Emily Smith, general manager of the Majestic and Empire theaters, noted that all of the plentiful architectural lighting has been replaced recently with energy-saving LED lighting, and free public Wi-Fi is available in both theaters.
“The history of the theater is very important to us, but also [important is] bringing in those modern conveniences to keep what we’re doing here relevant and continue to attract audiences,” Smith said.
Scott Ball / Rivard Report
Attendees cross Houston Street to the Majestic Theatre.
The Majestic celebrated its “Birthday Bash” on June 21 but continues the celebration through its summer programming, to include actor John Leguizamo’s “Latin History for Morons” July 27-28, Grammy-winner Wiz Khalifa on Aug. 4, comedian George Lopez Aug. 9-10, Lyle Lovett and His Large Band on Aug. 19, and The B-52s on their 40th anniversary tour Aug. 21. Details, tickets, and full schedule available here.
A special 90th anniversary Happy Hour Tour will take place Monday, offering a peek into the deep history of the Majestic, including its backstage catacombs decorated by touring performers with autographs and elaborate paintings. Tickets are $25, available here.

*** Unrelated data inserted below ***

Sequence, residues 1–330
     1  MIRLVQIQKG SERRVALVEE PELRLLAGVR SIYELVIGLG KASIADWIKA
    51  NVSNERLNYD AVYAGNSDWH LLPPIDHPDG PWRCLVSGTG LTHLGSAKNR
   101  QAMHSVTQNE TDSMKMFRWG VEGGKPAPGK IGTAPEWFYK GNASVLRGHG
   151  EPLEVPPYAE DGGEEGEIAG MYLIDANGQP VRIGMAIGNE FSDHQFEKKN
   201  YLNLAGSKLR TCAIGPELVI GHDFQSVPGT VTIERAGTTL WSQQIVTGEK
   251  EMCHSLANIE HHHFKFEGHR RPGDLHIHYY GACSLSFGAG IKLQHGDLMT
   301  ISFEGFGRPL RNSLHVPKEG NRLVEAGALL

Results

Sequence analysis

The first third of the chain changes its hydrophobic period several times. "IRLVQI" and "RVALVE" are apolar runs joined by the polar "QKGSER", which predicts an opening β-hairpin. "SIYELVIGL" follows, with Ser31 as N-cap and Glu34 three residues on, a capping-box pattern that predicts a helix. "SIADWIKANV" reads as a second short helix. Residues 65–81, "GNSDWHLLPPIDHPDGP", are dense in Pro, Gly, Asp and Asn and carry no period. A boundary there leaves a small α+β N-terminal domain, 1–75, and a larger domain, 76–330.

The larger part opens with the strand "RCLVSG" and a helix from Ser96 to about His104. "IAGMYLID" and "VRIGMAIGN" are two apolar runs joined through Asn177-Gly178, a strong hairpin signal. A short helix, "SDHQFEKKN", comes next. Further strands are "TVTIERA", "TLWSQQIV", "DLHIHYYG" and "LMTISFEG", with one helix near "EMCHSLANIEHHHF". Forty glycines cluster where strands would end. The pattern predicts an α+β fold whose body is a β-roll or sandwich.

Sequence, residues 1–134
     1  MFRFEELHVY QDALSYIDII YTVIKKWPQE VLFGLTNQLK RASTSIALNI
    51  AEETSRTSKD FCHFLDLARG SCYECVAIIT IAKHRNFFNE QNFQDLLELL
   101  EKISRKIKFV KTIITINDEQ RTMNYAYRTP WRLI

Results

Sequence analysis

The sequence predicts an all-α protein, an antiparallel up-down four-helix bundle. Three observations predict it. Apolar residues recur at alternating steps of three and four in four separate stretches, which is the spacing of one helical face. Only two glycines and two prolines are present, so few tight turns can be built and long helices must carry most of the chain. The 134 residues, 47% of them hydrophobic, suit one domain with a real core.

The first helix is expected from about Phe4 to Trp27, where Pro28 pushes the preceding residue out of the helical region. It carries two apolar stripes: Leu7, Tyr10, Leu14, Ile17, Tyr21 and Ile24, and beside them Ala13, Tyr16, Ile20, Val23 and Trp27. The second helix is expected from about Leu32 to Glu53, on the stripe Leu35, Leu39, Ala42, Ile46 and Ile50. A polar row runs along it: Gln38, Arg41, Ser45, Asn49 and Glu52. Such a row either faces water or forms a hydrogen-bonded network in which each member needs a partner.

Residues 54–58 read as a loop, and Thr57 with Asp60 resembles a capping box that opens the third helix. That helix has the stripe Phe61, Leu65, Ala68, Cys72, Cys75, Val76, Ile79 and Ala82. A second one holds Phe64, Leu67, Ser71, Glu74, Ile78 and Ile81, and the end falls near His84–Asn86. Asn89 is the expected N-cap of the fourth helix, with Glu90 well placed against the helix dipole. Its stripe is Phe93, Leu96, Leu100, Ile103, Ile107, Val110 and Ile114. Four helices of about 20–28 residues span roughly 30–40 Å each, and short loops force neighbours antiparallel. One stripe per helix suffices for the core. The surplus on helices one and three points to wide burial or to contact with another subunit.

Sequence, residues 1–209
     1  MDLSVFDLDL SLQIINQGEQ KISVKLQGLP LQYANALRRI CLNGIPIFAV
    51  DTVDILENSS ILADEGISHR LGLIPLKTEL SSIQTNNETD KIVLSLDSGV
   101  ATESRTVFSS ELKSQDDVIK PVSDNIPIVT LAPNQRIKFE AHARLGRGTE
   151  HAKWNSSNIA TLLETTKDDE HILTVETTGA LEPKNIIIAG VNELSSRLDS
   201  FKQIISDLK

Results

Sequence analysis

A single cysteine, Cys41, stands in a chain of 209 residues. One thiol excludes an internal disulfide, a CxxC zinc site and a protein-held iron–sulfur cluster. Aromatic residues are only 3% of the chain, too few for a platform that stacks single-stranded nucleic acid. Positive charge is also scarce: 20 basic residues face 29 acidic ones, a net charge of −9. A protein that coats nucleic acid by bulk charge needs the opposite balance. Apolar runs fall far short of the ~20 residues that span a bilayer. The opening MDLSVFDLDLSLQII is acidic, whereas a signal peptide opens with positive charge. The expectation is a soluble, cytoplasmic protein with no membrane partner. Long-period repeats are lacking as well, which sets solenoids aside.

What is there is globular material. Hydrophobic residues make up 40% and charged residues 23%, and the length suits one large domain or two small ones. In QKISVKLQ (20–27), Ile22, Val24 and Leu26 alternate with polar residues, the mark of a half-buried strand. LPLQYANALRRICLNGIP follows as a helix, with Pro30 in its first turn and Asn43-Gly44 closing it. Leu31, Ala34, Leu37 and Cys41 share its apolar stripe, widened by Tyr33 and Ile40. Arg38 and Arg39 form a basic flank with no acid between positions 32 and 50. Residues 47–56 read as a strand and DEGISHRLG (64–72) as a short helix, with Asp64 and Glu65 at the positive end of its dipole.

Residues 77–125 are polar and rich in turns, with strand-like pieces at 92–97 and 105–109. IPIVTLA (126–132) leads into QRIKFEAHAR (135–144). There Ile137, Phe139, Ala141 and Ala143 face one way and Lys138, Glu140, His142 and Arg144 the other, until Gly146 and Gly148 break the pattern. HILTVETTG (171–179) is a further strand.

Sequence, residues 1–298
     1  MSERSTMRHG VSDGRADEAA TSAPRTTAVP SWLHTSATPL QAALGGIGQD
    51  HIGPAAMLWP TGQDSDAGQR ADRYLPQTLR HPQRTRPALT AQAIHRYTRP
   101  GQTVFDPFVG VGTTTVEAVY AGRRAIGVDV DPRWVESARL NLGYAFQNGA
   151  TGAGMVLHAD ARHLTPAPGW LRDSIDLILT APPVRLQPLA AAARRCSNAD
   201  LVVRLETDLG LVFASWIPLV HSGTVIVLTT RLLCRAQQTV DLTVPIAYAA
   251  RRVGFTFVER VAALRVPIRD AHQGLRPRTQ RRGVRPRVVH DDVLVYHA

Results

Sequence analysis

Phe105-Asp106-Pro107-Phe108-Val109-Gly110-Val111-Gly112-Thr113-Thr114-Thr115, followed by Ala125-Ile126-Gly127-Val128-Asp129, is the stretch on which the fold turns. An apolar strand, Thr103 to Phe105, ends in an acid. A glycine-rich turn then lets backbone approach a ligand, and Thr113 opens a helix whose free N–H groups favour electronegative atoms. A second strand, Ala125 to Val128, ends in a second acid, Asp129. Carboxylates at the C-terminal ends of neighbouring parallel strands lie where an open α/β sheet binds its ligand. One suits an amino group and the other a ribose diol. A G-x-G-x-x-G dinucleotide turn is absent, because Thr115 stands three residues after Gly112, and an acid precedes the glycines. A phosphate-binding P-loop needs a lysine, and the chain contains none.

Historic Flight is an unusual aviation collection because you can walk right up to its vintage aircraft, dating from 1927 to 1957. Look into the cockpits up-close – no roped-off areas. Hear the planes’ intriguing background stories from knowledgeable docents. Watch mechanics work on vintage planes, perhaps inside the hangar or just outside on the tarmac.
Located at the Kilo-7 site on the west side of Paine Field, Historic Flight is the private collection of aviation enthusiast and pilot John T. Sessions. He created the Historic Flight Foundation to collect, restore and share significant aircraft between 1927 (Charles Lindbergh’s solo Atlantic crossing) and 1957 (just before the Boeing 707’s first jet trans-Atlantic service).